My older brother had been the hero that day. He’d come in the back door and pried my pa’s hands off of her. A gangly teenager and no match for my dad, but he may very well have saved her life.
Remembering my brother’s courage, I summon my own and make my way to the kitchen. Helen is quiet now, perhaps tired of talking without a response from me. I pull my T-shirt over my mouth and nose in an effort to keep out the stench. The aroma of garbage mixes with the chemical smell, and my head swims. Chipped glass pans caked with powdery residue are strewn across the stovetop.
There’s no sheet on the back window that looks from the kitchen out to what used to be a flower garden around an old cistern. The lilac bush is still there, albeit the branches gnarled and leaves sparse. It has only scattered flowers now, not the cloud of purple it once had. It had been there when we moved in nearly fifty years ago. I’m surprised it still lives.
Helen asks if I want to see the bathroom, and I shake my head. It’s all I can do to keep myself from puking or passing out. I need air.
“The basement is the only other thing to see on the lower floor.”
I really don’t want to go down there. I don’t need to see the dirt floor and dank stone walls. And if it had a tendency toward rats when my mother was on rat poison patrol, it’s highly likely they’ve moved in permanently and built condos in her absence.
I find my tongue and tell Helen, “I think I’d like to see the backyard.”
The horrific smell matches the violent crime that occurred here. Helen nods and quickly makes her way to the back door, apparently as eager as I am to be out of this malodorous house.
Helen breathes deeply of the fresh air and remarks on how surprisingly lovely the backyard is. Unlike the trees that were mowed down like a stand of weeds, no one has unearthed the hundreds of bulbs my mom planted in the back. The mid-Spring garden is bursting with the color of purple irises, orange tiger-lilies, and yellow jessamine.
And then there’s the lilac bush. Once the centerpiece of the garden, it now looks out of place. Its twisted trunk and scaly branches are a stark contrast to the verdant and showy garden happening around it.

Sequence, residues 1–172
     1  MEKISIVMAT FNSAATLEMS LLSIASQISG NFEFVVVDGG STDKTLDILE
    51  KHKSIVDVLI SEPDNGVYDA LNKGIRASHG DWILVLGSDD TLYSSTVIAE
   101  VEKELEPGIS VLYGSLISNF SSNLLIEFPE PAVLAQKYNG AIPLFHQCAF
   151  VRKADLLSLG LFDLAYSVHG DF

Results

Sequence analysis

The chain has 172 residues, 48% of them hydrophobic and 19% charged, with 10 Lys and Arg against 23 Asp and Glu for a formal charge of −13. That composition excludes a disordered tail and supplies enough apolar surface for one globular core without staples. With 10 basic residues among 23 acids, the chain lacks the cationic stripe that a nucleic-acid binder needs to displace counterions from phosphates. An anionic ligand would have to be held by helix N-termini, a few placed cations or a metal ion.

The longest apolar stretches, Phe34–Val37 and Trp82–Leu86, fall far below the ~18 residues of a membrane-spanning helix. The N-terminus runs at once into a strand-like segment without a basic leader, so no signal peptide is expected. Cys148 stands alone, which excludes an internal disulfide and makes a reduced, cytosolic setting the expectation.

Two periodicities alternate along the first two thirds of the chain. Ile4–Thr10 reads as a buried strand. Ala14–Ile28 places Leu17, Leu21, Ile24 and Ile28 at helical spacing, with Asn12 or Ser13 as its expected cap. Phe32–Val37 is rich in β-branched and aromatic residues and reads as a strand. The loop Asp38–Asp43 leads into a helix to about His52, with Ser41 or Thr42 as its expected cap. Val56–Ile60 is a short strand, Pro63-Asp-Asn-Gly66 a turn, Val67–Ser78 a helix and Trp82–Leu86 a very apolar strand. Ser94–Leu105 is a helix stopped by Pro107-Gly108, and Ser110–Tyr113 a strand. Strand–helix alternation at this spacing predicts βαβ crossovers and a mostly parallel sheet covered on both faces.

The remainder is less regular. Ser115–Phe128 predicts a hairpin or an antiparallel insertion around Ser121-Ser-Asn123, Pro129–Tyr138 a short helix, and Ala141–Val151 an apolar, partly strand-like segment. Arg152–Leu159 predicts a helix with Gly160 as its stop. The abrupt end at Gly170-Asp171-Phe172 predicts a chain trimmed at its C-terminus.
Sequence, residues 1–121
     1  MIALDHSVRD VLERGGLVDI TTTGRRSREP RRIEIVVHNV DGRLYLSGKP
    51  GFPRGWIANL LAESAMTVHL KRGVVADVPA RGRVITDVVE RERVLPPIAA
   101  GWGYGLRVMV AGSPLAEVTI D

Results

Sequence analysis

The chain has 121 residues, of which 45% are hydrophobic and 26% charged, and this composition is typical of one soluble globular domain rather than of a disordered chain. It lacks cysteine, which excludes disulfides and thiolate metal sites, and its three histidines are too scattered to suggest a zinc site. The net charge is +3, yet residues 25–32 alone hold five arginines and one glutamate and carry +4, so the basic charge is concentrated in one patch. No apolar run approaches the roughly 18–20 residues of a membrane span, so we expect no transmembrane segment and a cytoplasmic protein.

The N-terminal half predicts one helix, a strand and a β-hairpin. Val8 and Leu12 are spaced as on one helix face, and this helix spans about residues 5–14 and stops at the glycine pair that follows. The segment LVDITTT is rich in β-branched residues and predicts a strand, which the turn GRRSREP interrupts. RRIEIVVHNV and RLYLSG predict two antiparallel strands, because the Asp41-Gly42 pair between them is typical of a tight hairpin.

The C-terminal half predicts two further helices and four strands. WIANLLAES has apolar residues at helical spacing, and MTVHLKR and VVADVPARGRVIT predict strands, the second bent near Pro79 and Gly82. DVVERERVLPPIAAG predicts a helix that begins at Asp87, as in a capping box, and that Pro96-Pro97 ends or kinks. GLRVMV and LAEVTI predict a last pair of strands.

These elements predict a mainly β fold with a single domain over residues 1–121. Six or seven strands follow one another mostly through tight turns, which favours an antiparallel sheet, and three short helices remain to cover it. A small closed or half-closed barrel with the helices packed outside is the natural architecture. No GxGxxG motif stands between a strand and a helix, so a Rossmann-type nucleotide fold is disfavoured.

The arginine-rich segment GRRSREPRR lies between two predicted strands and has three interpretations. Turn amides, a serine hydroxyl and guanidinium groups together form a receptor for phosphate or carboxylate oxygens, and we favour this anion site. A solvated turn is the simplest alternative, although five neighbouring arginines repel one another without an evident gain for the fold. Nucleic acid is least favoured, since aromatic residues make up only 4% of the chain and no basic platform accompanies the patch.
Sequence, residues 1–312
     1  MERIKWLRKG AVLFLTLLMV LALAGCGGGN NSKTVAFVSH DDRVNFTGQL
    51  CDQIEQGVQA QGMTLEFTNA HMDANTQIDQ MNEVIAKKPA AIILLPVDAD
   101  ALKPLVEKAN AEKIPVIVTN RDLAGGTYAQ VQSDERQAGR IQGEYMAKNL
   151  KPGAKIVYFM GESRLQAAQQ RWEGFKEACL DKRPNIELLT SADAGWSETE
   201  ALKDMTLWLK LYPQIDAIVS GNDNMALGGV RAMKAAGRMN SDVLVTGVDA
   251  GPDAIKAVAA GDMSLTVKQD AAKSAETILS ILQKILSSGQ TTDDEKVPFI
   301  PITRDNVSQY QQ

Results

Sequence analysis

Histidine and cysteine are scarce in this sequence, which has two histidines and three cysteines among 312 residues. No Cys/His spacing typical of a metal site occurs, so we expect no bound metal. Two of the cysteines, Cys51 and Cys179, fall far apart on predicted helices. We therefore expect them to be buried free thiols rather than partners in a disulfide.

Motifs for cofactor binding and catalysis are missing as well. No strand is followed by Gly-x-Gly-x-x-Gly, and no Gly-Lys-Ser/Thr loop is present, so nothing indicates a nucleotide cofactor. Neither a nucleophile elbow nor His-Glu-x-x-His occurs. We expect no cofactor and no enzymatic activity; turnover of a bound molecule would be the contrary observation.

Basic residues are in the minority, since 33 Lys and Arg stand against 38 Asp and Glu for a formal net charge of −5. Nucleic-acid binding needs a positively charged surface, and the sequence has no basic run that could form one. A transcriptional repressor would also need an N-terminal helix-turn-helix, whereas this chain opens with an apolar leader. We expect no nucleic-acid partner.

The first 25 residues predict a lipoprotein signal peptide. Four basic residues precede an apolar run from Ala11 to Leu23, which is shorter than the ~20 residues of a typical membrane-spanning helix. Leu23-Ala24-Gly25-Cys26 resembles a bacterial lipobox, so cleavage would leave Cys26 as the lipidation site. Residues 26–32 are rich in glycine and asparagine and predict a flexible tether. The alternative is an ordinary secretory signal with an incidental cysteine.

Maybe it’s just old. Or perhaps its roots have been poisoned by the body buried beneath it.
My feet walk me over to it though I don’t recall telling them to. My eyeballs are hot, and my breaths shallow. Pa sat in his chair at the kitchen table, drinking his morning coffee. The next minute his face went pale, and he let out a gurgly gasp. Within seconds there was a loud thud as he fell out of the chair. He lay on the vinyl floor, drooling and gasping, his legs twitching.
My mom had screamed and dropped a cast-iron pan of bacon she’d been draining the grease from. She never complained about the burns on her legs from that.
My older brother had come running at the sound of her scream, and a few minutes later, the older sisters too. One of them gave him mouth-to-mouth, and another called in the emergency. There was crying and shouting and questions to my mom about what had happened.
Sobbing hysterically, my mom had been little help. No one bothered to ask me. I guess they figured an eight-year-old doesn’t know anything.
But I did know. I’d seen mom pour an odd powder into his coffee before he’d entered the room. She hummed a hymn as she stirred it, oblivious to the fact that I was there, as I usually was, playing quietly as her feet, ignored. Unseen, I soaked it all up like a thirsty sponge—a witness to too much.
I guess there was no need to question me. The arsenic was odorless, and Pa’s death was recorded as a heart attack. They handed his ashes to the grieving widow, and she buried them in the garden in which I stand.
We’d moved away not long after his death. I’d been joyous to be rid of the place. In many ways, my life began where and when his ended.
I stand beside the lilac bush where my greatest secret is buried. I heave out great sobs, no longer guarding myself or caring what Helen may think of me.
I’m not crying for him because, to this day, I’m sure that karma’s a bitch, and she served up exactly what he’d ordered. I don’t cry for mom either. In the end, the cancer of what she’d done ate her alive. She paid for her crime, just not in the way that society prefers a person to pay.
The slightly rotten smell of the lilacs matches my mood. I grieve the premature death of my childhood. I chose neither the dysfunction nor being witness to a murder.
But you did choose to stay silent, a voice within me reminds.
I take a deep breath and let my guilt over that go. He was dead. Her rotting in jail would have helped no one. My silence may have been selfish, but it came from a primordial survival instinct that resides within us all.
There’s a warm hand on my arm. I’d forgotten Helen was there.
“Are you okay?”
I nod and sniffle. Helen hands me a tissue.
“You lived here.”
It isn’t a question. I nod again.
She doesn’t ask me any more questions, and I’m grateful. Helen stands with me as I bury my guilt beneath the lilac bush beside the ashes of the father my mother killed.